Friday, February 19, 2010

First Person Simple Past Tense

The formula First Person Simple Past Tense indicates truthfulness. Truthful people retrieve information from their memory and commit to that information by using the Personal Identifier “I.” Liars, on the other hand, create information in the present tense and translate the action to the past tense to give the illusion that the information was retrieved from memory. Liars often cannot commit to the false information and omit the Personal Identifier “I” because they know the information is false. In many instances, liars will blend the truth with deception resulting in the mixed use of the Personal Identifier “I.” Each sentence should be examined for the use of the First Person Simple Past Tense to determine if the speaker or writer is committed to the activities in that sentence. The lack of the First Person Simple Past Tense does not always signal deception but does identify areas in the spoken or written communication that require further inquiry, especially if the omission of the First Person Simple Past Tense deviates from the speaker or writer’s baseline.

The following statement was written by a truck driver who mysteriously lost a pallet of three airplane tires off the back of his truck while he was driving from Los Angeles to Lancaster, California. The use of the Personal Identifier “I” deviates from the writer’s baseline and suggests deception.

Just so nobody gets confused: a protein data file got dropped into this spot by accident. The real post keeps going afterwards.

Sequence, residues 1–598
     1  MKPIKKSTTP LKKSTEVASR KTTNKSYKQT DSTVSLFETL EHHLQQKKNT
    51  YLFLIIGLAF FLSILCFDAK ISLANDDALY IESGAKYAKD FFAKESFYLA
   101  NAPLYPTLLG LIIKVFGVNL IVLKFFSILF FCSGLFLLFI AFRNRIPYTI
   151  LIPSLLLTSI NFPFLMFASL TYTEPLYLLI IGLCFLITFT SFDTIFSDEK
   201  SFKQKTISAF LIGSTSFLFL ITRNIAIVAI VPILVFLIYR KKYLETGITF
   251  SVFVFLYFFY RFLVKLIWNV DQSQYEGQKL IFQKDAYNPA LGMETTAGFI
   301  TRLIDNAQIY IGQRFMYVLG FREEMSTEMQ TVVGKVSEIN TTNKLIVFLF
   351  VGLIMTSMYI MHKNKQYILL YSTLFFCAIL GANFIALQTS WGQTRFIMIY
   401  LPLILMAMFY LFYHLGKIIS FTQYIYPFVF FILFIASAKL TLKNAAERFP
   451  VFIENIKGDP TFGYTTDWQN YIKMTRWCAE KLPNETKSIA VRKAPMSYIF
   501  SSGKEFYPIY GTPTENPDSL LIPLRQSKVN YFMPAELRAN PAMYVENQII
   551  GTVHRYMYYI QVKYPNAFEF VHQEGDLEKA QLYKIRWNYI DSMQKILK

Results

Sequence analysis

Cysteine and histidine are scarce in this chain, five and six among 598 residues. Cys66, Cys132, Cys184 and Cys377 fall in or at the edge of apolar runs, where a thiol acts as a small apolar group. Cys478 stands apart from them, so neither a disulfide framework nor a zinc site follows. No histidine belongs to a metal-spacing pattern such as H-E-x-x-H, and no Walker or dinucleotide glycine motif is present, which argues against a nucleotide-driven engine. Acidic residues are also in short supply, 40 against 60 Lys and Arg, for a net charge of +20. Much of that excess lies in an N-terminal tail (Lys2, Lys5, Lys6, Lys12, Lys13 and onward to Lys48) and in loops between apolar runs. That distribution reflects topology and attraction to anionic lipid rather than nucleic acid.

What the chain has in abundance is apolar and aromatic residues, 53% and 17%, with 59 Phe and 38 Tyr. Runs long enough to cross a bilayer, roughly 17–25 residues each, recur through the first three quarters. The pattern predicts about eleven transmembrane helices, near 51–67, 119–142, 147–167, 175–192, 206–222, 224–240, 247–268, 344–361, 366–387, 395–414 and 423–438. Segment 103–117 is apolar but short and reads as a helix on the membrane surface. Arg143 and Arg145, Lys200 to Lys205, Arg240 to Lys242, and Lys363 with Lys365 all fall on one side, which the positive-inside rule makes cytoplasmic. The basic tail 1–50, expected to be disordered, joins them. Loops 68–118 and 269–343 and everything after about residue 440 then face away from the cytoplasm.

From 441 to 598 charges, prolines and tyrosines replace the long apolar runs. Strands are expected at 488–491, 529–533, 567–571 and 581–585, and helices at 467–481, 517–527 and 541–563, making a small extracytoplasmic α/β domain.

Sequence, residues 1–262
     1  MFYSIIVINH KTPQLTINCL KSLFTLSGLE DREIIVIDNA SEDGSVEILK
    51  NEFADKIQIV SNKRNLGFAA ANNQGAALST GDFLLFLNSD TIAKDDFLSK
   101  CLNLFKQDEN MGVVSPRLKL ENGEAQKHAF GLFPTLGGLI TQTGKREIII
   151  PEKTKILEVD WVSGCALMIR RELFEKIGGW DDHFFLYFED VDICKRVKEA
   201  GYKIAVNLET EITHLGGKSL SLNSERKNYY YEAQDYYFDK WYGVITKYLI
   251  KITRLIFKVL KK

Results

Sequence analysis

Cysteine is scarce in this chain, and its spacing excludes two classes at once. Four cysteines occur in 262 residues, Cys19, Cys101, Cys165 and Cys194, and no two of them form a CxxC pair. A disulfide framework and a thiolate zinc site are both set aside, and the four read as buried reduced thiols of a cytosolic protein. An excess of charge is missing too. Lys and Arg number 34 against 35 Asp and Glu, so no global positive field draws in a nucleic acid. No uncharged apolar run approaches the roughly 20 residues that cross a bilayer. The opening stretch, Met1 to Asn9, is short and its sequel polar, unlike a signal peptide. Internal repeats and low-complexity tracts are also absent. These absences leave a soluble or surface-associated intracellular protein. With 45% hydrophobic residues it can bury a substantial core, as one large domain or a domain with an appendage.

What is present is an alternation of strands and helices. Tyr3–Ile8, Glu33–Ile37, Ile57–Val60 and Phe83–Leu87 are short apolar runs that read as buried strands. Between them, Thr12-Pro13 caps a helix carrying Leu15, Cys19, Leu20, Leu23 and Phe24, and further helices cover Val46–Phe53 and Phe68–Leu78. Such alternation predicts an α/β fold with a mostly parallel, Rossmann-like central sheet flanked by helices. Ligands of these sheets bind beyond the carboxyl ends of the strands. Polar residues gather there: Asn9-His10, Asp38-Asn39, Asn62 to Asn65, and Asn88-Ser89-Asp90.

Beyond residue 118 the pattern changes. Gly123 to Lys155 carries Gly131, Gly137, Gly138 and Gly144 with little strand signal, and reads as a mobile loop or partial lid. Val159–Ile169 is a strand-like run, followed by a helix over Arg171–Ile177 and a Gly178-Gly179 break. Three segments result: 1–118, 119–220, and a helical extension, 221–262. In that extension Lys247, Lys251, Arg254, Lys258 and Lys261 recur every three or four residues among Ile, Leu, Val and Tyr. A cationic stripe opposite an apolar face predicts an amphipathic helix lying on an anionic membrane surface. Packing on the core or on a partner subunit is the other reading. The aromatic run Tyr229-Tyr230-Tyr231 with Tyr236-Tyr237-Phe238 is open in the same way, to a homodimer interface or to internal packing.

(1)Arrived LA dock 18:45 loaded 3 pallets to rental truck stack bed, 2 pallets airplane tires –1 pallet with 2 boxes. (2) Departed LA dock 19:30 for Lancaster. (3) About 21:00 between top of truck ramp from I-5 to the 14 Freeway and camper pulls along side of me and tell me that a pallet had fallen out of the back of my truck. (4) And just before that when I got to the top of the truck ramp had pulled over to check straps (strike) on trucks – all 3 pallets were still aboard. (5) So when I got to Sand Canyon Rd pulled off to check load and both straps + chain was loose or off of pallets and there was only 2 pallets on truck, 1 pallet of 2 boxes + 1 pallet of 3 airplane tires. (6) So I (strikeout) turned around (strikeout) and went back toward LA looking for the missing pallet. (7) Found nothing. (8) Went onto Lancaster office. (9) Unloaded truck.

The driver omitted Personal Identifiers in Sentences 1 and 2. He used the Personal Identifier “me” and “I” in Sentences 3 through 6. The driver again omitted Personal Identifiers in Sentences 7 through 9. In this statement, the omission of Personal Identifiers is the baseline and the use of Personal Identifiers deviates from the baseline. Any deviation from the baseline signals deception. Additionally, in Sentence 3 the driver used the Present Tense “pulls” and “tell,” which also signals deception.

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